The Ultimate Guide To Vegan!
Chapter 15. It’s not just food! Hidden challenges of going vegan.
Many people perceive veganism as a diet, but being an ethical vegan is so much more than just that.
Rather then a nutrition plan, veganism is an entire lifestyle which includes so many factors beyond what you choose to put on your plate.
To put it simply, being an ethical vegan means to not rely on animals in any area of your life, in any form.
Some of the examples include not wearing fur/leather and not supporting animal performances (e.g. circus).
This brings many hidden challenges into a new vegan’s life. The period of transitioning to veganism may quickly get overwhelming if you’re not prepared to look out for unexpected forms of animal cruelty.
This is why we’ve put this material together to pinpoint some areas of life worth being that little bit extra cautious about.
Sit back and enjoy our selection of helpful tips below!
Going vegan means saying goodbye to all animal-derived materials commonly used to make clothes.
It may be a tad harder than you think, considering that not only the obvious leather and fur, but also materials such as silk and wool will have to go – and it doesn’t make it easier that wool, for instance, is used in so many fabric blends, even if in tiny proportions.
Here’s a quick guide to shopping for vegan clothes:
Avoid materials such as leather, suede, skin and fur.
Vegan-friendly materials include faux/“eco” leather, faux fur, cork, cotton, microfiber, canvas and cotton.
Again, avoid any kind of leather, suede and fur.
Instead, choose faux counterparts, canvas, cotton and all synthetic materials.
Avoid any kind of wool/angora, pashmina, cashmere, hair, mohair, alpaca and silk.
Coats and jackets.
If you live in a cold climate, you can still stay warm while making vegan choices! Don’t buy outdated animal-derived materials such as wool, natural fleece, down or fur.
Instead, opt for warm and cozy synthetic materials such as Gore-Tex, polyester fleece, synthetic down and many others. As a bonus, these technologically materials often perform better than those created at a cost of animal suffering!
Leading a vegan lifestyle means adjusting many habits, including how you manage your household.
Unfortunately, there are many commonly used products which are sneakily not vegan friendly! Just to provide a few examples:
Many bedspreads, comforters and such are made out of down, so double check the contents – those are always on the label. Vegan fills include all organic materials free of animal ingredients and by-products, so no wool, silk, fur, leather, dairy, eggs, honey, beeswax, or lanolin.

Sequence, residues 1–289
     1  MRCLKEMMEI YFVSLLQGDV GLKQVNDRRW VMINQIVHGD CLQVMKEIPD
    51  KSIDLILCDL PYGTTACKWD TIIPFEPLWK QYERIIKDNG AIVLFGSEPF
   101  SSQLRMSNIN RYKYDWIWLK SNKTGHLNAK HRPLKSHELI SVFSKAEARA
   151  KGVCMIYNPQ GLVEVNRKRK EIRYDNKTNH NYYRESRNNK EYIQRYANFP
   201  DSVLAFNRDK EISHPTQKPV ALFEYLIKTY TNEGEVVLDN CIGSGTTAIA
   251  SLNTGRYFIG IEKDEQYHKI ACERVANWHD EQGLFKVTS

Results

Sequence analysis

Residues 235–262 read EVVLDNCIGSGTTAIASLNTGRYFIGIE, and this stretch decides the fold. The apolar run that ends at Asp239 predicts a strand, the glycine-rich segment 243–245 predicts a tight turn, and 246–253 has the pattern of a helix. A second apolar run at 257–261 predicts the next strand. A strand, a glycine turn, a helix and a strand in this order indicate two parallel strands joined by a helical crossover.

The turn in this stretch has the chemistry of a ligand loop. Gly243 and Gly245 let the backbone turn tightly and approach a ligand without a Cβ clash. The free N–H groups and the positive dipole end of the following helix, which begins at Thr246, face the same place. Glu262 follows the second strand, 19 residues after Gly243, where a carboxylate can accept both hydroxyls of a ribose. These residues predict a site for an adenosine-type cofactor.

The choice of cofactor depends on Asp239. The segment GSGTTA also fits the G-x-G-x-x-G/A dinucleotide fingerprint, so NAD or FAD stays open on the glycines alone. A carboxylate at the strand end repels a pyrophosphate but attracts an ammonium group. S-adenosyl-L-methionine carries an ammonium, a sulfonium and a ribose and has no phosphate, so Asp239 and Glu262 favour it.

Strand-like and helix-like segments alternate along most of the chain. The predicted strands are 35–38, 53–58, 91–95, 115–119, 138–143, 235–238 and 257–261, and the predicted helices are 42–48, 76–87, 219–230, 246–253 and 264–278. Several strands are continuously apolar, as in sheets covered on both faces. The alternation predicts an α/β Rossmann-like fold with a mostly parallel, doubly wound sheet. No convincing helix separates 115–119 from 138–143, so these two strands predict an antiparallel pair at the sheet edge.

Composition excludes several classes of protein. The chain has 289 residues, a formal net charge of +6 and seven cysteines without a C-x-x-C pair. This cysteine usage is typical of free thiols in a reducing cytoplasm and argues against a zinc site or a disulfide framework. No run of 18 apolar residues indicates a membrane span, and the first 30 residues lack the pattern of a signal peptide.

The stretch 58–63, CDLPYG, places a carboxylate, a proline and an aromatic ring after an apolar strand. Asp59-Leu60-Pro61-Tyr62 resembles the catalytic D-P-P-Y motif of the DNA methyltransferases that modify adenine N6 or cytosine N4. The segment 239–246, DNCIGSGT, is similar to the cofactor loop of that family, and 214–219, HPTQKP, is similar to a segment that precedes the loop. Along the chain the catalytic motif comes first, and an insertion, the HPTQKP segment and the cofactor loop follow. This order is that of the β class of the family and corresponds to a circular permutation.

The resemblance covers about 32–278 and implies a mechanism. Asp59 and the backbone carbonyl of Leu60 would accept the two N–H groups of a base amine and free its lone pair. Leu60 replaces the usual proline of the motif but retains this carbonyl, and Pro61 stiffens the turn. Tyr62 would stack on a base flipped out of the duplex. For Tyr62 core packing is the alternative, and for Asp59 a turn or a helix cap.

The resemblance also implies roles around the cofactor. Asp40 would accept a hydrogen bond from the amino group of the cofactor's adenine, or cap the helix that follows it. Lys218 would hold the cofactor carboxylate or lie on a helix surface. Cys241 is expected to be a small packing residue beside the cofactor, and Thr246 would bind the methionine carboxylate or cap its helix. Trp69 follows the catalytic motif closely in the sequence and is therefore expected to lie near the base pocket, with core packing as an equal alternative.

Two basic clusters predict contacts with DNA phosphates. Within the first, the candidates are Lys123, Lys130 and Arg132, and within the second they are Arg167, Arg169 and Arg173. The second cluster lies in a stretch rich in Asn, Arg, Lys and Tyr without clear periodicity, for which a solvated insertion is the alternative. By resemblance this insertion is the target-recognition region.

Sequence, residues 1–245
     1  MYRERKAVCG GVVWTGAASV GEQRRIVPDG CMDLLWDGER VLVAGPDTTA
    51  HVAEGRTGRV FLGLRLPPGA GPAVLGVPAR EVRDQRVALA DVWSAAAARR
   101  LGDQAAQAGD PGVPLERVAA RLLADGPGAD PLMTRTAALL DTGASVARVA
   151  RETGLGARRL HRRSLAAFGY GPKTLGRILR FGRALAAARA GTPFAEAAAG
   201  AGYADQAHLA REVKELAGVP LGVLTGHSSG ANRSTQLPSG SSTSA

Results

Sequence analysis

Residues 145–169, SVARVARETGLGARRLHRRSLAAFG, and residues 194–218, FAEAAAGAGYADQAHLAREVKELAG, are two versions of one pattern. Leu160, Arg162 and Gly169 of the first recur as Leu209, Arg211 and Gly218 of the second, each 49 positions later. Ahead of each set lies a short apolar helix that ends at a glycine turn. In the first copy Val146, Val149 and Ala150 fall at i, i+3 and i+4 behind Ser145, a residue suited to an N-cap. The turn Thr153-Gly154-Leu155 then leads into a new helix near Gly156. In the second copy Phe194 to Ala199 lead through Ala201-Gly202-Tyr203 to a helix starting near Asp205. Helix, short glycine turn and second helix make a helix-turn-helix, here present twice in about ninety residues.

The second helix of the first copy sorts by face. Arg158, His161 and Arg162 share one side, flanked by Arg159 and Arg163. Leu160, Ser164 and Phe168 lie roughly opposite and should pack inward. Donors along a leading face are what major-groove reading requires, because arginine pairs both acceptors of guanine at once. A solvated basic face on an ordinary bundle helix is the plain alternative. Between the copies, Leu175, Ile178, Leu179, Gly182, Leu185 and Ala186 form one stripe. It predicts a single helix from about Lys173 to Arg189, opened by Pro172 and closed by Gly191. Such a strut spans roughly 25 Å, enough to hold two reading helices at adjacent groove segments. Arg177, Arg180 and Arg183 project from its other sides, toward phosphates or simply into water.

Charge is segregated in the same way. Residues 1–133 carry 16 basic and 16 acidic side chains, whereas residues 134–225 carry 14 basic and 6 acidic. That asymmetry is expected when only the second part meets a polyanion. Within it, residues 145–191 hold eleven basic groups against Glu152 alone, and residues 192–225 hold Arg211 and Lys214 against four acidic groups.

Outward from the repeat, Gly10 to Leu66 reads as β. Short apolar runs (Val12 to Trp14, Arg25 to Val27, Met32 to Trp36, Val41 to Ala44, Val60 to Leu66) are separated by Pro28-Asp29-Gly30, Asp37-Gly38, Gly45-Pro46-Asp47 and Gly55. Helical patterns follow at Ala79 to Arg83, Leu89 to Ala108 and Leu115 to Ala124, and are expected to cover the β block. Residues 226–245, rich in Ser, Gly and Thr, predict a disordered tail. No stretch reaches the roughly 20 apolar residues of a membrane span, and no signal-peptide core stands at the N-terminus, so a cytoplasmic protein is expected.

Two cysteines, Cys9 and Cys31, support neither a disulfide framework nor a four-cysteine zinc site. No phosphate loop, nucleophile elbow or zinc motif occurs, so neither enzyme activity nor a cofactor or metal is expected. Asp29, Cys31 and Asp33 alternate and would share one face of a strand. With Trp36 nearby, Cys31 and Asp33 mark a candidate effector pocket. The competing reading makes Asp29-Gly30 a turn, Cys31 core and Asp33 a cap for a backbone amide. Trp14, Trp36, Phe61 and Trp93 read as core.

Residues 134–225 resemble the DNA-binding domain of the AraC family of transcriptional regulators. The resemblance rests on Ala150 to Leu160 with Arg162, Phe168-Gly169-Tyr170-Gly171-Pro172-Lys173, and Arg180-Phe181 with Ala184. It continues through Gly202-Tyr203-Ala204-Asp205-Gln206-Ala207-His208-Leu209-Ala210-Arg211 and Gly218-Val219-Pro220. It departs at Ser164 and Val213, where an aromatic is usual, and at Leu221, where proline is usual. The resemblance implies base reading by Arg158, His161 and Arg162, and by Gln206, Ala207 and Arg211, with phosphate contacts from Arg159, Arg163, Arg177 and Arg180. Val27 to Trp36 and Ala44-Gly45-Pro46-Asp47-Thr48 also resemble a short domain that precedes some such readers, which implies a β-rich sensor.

Many cleaning do not qualify as vegan, as they’re either made with animal products or have been tested on animals.
Surprisingly, many soy products contain animal-derived additives such as traces of beeswax or even crushed beetles for colouring (ugh!). Check your labels and be merry.
Many candles are created with tallow or beeswax, and they may also contain honey as scent. The solution is to look for candles that explicitly say they’re 100% vegan, or even make your own – what a nice little hobby!
Next time you’re getting glue for your kids’ school project, keep in mind that most glues are far from animal friendly, as they are often made with connective tissue of cattle and horses (yes, you read that right).
Look for locally available vegan alternatives, such as Elmer’s glue.
Unfortunately, despite all the technological advancements made in the area, in many parts of the world animal testing of cosmetic products is still required by law. This means that in such places, animals are suffering and dying all to test cosmetics which has long history of safe use, such as lip gloss and hair conditioner.
Just to give you some horrifying numbers, it is estimated that approximately 100,000-200,000 animals suffer and die just for cosmetics every year around the world.
Species most often used for these cruel unnecessary tests include rabbits, guinea pigs, hamsters, rats and mice.
Contrary to popular belief, dogs and monkeys are not used for cosmetics testing – however, these animals may still be exploited in laboratories that test other types of chemicals and medications.
Typical tests include skin and eye irritation tests, where chemicals are rubbed into these areas in ridiculous doses far exceeding those added to actual products.
There are also force-feeding tests, as well as widely condemned “lethal dose” experiments. The latter involve forcing animals to swallow massive amounts of a test chemical to determine the deadly dose. Pain relief is not provided as it may interfere with test results.
Fortunately, you don’t have to support these cruel practices utilised in cosmetics industry, as there are so many wonderful cruelty-free vegan friendly brands around making safe, high quality products using the latest laboratory testing practices.
Here’s a great comprehensive vegan makeup guide.
The examples above are just a little part of the big picture, and unfortunately there are many hidden animal ingredients in products we tend to use daily without much thinking.
Always do your research, keep up to date with news (including Animal Welfare Org) and summaries from reputable vegan communities, and you’ll always be on a safe, cruelty-free side.